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Mr. Hardy now began work again on the knot of the rope that kept his left arm bound to the cot. In a matter of moments he succeeded in loosening it and the rope fell away from his arm.

After making sure the guard was still asleep, the detective sat up on the cot and struggled to release his feet. This was an easier task. The smugglers had merely passed a rope around the cot to hold the prisoner’s feet. A few minutes’ attention was all that was necessary for the boys’ father to work his way loose.

“Now he’ll release us,” Joe thought excitedly, “and we can escape from here!”

As Fenton Hardy tiptoed toward his sons, the board floor squeaked loudly. The guard muttered again, as if dreaming, shook his head, then sat up.

“Oh, no!” Frank murmured, fearful of what would happen. He saw his father pick up a white rag someone had dropped.

A look of intense amazement crossed Malloy’s face. As he opened his mouth to yell for help, Fenton Hardy leaped across the intervening space and flung himself on the smuggler.

“Keep quiet!” the detective ordered.

Malloy had time only to utter a muffled gasp before the detective clapped a hand over the guard’s mouth, jammed the rag in it, and toppled him to the floor. The two rolled over and over in a desperate, silent struggle. The boys, helpless, looked on, their fears mounting. They knew their father had been weakened by his imprisonment and hunger, and the guard was strong and muscular. Nevertheless, the detective had the advantage of a surprise attack. Malloy had had no time to collect his wits.

Frank and Joe watched the battle in an agony of suspense. If only they could join the fight! Mr. Hardy still had the advantage, for he could breathe better than his opponent. But suddenly Malloy managed to raise himself to his knees. He reached for the revolver at his hip.

“Look out, Dad!” Frank hissed. “He’s got his gun!”

Quick as a flash the detective landed a blow on the guard’s jaw. Malloy blinked and raised both hands to defend himself as he fell to the ground. Mr. Hardy darted forward and pulled the revolver out of the man’s side pocket.

“No funny business!” the detective told him in a low voice.

Without being told, Malloy raised his hands in the air. He sat helplessly on the floor, beaten.

“He’s got a knife too, Dad,” Joe said quietly. “Watch that.”

“Thanks, Joe,” his father replied. Then, motioning with the pistol, he said, “All right. Let’s have the knife!”

Sullenly the guard removed the knife from its leather sheath at his belt and handed it to Mr. Hardy.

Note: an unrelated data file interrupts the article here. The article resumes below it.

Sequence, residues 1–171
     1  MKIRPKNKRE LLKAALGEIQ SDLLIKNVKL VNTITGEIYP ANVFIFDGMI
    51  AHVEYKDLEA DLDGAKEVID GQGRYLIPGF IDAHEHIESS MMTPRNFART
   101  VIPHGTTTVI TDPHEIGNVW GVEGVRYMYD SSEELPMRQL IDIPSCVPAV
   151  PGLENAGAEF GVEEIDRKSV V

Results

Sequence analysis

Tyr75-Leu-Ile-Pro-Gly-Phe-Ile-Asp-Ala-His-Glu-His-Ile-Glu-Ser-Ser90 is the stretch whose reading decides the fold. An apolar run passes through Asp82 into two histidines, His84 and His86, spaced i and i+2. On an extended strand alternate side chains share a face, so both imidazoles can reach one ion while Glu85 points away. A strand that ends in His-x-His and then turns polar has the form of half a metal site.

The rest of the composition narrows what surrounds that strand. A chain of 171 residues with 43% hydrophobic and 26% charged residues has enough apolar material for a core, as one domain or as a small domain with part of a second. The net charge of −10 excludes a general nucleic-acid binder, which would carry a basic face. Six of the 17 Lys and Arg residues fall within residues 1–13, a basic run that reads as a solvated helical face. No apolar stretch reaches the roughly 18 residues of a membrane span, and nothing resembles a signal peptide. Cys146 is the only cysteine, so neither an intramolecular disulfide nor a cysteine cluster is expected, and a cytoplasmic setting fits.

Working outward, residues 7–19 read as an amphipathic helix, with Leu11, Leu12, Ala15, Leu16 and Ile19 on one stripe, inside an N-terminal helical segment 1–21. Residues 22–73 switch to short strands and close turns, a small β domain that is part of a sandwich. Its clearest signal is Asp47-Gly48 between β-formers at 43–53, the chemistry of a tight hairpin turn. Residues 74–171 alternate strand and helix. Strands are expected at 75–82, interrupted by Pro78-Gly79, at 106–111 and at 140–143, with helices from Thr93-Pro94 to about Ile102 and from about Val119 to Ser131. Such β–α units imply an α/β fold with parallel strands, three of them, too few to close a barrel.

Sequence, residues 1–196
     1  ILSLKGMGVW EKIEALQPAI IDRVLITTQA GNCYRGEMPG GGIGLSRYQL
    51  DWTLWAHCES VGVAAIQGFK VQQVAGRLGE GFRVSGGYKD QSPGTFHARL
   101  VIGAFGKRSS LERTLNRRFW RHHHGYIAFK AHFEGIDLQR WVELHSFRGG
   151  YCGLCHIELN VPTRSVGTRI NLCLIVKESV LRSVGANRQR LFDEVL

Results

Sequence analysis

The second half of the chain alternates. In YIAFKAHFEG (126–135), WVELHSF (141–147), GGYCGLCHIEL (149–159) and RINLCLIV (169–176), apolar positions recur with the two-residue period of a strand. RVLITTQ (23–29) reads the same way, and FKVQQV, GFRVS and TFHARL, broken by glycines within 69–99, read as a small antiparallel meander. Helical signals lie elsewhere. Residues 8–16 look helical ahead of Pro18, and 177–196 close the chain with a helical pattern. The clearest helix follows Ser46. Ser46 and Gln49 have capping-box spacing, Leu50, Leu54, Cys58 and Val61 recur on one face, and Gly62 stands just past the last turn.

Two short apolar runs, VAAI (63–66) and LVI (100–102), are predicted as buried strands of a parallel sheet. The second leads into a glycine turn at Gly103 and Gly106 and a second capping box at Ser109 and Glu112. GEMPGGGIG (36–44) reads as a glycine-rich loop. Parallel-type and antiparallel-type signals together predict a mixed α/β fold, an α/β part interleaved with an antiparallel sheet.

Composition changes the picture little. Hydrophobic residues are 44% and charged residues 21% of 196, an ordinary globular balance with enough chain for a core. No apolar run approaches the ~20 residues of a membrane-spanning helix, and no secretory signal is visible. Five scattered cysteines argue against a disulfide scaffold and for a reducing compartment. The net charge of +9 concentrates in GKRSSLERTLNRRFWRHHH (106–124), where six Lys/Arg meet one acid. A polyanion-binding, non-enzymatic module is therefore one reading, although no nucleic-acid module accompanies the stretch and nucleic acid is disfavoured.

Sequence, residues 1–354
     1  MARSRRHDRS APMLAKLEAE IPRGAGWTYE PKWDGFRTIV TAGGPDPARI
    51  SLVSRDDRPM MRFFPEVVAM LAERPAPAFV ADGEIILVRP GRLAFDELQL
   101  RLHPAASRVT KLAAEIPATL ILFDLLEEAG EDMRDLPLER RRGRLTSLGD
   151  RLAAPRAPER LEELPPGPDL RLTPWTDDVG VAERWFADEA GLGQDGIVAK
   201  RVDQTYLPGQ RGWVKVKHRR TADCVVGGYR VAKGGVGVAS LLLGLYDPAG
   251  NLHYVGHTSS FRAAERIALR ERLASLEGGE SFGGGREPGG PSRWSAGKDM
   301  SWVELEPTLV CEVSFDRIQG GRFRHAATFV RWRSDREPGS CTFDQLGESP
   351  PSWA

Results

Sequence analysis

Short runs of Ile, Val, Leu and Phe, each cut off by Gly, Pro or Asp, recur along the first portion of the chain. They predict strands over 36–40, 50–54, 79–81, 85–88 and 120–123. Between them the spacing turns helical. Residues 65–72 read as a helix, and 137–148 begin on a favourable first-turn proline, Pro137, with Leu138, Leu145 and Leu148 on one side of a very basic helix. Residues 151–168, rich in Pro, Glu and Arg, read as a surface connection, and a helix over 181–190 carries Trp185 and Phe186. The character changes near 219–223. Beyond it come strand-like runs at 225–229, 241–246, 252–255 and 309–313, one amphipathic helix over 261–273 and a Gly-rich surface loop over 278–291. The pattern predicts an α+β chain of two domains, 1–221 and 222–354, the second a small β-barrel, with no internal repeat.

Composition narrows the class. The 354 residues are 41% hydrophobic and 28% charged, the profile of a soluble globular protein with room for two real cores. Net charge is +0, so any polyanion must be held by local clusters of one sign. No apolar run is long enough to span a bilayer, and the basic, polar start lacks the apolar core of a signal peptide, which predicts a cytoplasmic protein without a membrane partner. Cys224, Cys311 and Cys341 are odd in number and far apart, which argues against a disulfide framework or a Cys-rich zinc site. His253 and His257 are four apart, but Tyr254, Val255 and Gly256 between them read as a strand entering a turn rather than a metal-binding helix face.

Frank and Joe wanted to shout with joy, but merely grinned at their father.

Still watching Malloy, the detective walked slowly backward until he reached Joe’s side. Without taking his eyes from the smuggler, he bent down and with the knife sliced at the ropes that bound his son.

Fortunately, the knife was sharp and the ropes soon were cut.”Boy, that feels good, Dad. Thanks,” Joe whispered.

He sprang from the chair, took the knife, and while his father watched Malloy, he cut Frank’s bonds.

“Malloy,” Mr. Hardy ordered, “come over here!”

He motioned toward the bed and indicated by gestures that the smuggler was to lie down on the cot.

Malloy shook his head vigorously, but was prodded over by Joe. The guard lay down on the cot.

The ropes which had held Mr. Hardy had not been cut. Quickly Frank and Joe trussed up Malloy just as their father had been tied, making certain that the knots were tight. As a final precaution they pushed in the gag which was slipping and with a piece of rope made it secure.

The whole procedure had taken scarcely five minutes. The Hardys were free!

“What now?” Frank asked his father out of earshot of Malloy. “Hide some place until the Coast Guard gets here?” Quickly he told about Tony and Chet going to bring the officers to the smugglers’ hide-out.

“But they should have been here by now,” Joe whispered. “They probably haven’t found the secret door.

Let’s go down and show them.”

This plan was agreed upon, but the three Hardys got no farther than the top of the first stairway when they heard rough, arguing voices below them.

“They can’t be Coast Guard men,” said Mr. Hardy. “We’ll listen a few seconds, then we’d better run in the other direction. I know the way out to the grounds.”

From below came an ugly, “You double-crosser, you! This loot belongs to the whole gang and don’t you forget it!”

“Listen,” said the second voice. “I don’t have to take orders from you. I thought we was pals. Now you don’t want to go through with the deal. Who’s to know if we got ten packages or five from that friend o’

Ali Singh’s?”

“Okay. And the stuff’ll be easier to get rid of than those drugs. They’re too hot for me. Snattman can burn for kidnapin’ if he wants to-I don’t.”

The voices had now become so loud that the Hardys did not dare wait another moment. “Come on!” the boys’ father urged.

He led the way back to the corridor and along it to the door at the end. Suddenly Frank and Joe noticed him falter and were afraid he was going to faint. Joe recalled that his father had had no food except the candy bar. Ramming his hands into his pockets, he brought out another bar and some pieces of pretzel.

Quickly he filled both his father’s hands with them. Mr. Hardy ate them hungrily as his sons supported him under his arms and assisted him to the door.